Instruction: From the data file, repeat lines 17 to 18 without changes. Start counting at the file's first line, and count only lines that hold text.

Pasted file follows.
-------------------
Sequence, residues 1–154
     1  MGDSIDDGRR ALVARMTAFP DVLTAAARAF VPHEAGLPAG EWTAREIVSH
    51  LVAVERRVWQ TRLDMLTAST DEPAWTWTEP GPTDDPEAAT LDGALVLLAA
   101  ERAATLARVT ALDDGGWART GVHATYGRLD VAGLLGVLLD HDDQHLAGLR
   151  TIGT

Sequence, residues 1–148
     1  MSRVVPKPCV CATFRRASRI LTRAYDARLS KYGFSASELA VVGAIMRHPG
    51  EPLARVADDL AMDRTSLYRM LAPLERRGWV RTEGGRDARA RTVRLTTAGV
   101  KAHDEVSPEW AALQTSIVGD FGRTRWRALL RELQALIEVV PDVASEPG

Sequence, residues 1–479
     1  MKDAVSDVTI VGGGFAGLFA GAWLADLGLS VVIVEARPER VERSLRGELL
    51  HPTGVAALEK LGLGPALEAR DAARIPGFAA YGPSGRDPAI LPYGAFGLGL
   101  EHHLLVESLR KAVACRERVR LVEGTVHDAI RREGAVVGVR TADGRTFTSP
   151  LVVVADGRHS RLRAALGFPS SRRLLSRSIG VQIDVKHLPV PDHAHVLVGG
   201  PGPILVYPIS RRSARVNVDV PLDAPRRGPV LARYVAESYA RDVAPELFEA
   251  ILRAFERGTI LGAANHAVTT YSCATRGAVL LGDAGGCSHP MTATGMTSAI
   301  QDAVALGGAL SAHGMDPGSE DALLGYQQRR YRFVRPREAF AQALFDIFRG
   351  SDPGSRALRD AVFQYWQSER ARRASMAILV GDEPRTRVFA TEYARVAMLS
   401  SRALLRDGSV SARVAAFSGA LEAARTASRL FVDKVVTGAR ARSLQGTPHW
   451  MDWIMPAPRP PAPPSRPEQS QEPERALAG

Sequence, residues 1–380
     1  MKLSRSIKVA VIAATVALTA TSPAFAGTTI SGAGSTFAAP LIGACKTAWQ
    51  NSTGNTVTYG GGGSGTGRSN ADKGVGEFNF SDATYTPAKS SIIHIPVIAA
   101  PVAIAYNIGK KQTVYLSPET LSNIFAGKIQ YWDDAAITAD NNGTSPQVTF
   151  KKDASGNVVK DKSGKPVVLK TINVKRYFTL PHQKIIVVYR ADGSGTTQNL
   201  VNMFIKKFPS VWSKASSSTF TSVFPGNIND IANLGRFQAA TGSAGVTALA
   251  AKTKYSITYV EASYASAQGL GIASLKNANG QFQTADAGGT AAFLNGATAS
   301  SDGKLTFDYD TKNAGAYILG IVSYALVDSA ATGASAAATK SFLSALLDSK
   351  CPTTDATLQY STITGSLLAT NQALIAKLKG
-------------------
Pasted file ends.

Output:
   301  QDAVALGGAL SAHGMDPGSE DALLGYQQRR YRFVRPREAF AQALFDIFRG
   351  SDPGSRALRD AVFQYWQSER ARRASMAILV GDEPRTRVFA TEYARVAMLS